Enterprise Initiatives

This blog focuses on Enterprise IT topics such as Enterprise Architecture, Portfolio Management, Change Management, Business Process Management, and recaps various technology events and news.

I just read this article from eWeek which talks about who actually adopts Web 2.0 technologies in the workplace. The myth is that only the Gen-X and Gen-Y employees will use Web 2.0 but the reality is that age is not a factor in the adoption. It is upper management that typically does not embrace the technology while most everyone else does. Here is an excerpt from the article:

TobyRedshaw, chief technology officer of Motorola, said that rather than an age bias, he noticed more of an executive level bias to collaborative efforts: the higher up in the company's hierarchy the less social networking technologies get used. "That's a good thing," he said. "The real work gets done not in the board room."

So the question is, if the executive level is bias towards Web 2.0 technology, how can you get the backing you need to get a Web 2.0 initiative on the company's IT priority list? The answer is start small. Years ago when open source was still a mystery to most executives, I faced the same scenario. Instead of trying to sell people who were dead set against something that they didn't even understand, I took a different approach. One of my teams had been researching Linux (in their spare time) for a long time and were chomping at the bit to prove its worth. After failing to get any buy in from anybody in management and being looked at like we had a third eye in the middle of our head, we went into stealth mode and created our own proof of concept project that was low profile. To make a long story short, we built a low cost system that outperformed our existing production system for a fraction of the cost. We then went old and sold our ideas that were backed up by performance and financial data. The sale was a no brainer which eventually led to several other open source wins down the road.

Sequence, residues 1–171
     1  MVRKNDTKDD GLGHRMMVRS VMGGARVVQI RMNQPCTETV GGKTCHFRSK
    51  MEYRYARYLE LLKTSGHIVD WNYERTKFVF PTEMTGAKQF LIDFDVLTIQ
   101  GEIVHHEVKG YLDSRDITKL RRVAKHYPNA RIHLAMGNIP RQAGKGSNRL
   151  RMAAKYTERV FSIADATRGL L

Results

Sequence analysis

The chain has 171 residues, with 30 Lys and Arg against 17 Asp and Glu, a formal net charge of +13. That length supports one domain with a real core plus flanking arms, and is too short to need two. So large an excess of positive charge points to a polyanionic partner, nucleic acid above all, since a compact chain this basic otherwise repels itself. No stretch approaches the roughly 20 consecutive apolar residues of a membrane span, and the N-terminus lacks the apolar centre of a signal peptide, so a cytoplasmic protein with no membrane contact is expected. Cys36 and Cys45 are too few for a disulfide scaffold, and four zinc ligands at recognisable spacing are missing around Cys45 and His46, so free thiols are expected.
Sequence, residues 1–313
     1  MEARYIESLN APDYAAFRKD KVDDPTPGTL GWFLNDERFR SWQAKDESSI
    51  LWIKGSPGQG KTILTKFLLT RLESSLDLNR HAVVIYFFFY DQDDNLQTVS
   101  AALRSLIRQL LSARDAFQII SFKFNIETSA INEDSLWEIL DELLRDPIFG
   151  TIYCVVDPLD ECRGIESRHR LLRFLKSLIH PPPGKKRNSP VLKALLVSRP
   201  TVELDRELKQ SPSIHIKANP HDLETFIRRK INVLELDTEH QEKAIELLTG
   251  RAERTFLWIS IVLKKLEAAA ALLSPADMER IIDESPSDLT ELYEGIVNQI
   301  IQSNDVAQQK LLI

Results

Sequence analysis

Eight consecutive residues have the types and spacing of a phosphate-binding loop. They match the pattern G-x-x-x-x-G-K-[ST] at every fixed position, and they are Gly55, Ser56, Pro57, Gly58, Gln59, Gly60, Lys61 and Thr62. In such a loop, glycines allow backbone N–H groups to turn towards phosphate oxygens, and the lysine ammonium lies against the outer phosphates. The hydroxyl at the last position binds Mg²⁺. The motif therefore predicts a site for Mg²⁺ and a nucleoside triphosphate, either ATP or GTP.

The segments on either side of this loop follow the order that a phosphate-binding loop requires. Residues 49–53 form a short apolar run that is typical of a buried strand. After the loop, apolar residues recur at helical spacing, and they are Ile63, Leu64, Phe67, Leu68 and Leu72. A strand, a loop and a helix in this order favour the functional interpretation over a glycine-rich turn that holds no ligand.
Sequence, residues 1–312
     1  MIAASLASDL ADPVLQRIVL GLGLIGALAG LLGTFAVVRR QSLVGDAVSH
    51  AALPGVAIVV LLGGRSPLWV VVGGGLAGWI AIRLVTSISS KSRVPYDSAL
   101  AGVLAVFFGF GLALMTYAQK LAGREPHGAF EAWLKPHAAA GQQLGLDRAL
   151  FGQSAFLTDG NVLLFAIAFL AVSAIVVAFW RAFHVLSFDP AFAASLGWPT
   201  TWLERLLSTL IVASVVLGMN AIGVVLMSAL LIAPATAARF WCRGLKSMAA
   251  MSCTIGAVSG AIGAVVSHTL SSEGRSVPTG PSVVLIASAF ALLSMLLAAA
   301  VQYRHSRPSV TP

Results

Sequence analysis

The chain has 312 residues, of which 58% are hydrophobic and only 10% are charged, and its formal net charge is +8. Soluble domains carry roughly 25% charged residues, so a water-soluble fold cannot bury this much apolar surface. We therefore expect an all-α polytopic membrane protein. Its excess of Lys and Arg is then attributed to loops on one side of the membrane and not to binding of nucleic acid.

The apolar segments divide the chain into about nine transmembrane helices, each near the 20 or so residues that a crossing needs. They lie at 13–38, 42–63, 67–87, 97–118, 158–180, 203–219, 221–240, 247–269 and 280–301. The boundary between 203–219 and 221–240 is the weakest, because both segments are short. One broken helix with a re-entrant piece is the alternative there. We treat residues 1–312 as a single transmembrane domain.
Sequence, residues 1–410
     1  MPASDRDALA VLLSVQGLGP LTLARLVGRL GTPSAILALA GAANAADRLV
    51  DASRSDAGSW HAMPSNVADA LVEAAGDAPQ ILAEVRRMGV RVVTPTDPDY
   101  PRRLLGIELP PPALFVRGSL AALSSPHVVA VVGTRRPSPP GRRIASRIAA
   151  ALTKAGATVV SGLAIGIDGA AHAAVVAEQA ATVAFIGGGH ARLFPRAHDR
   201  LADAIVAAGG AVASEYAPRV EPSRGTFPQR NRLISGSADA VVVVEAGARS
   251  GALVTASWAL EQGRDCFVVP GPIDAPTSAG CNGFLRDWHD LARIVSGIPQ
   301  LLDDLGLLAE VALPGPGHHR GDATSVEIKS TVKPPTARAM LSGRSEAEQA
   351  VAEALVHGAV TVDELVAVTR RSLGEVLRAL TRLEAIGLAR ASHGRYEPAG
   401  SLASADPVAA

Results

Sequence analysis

This plan can work for Web 2.0. Get a group of early adopters together and implement a few Web 2.0 technologies like wikis, blogs, document tagging, etc. and measure the benefits. Once you have most of the major kinks ironed out, invite others to participate. Once you have data to prove your business case, then go to the senior executives and sell them on Web 2.0. The senior executives are typically very smart people who understand a good business case when they see it. The further up the chain they go the more focused they are on the financial aspects of the business and they tend to get further removed from technology. It is your job to show them the value but unless you have an incredible power to persuade, you usually need some numbers and/or a viable case study to sell them.

The beauty of this opportunity is that you can rely totally on open source technologies to put your Web 2.0 pilot project in motion and you don't need to spend much on hardware (if at all). Low cost, low risk, and high potential benefits. Why aren't you starting your Web 2.0 pilot today?


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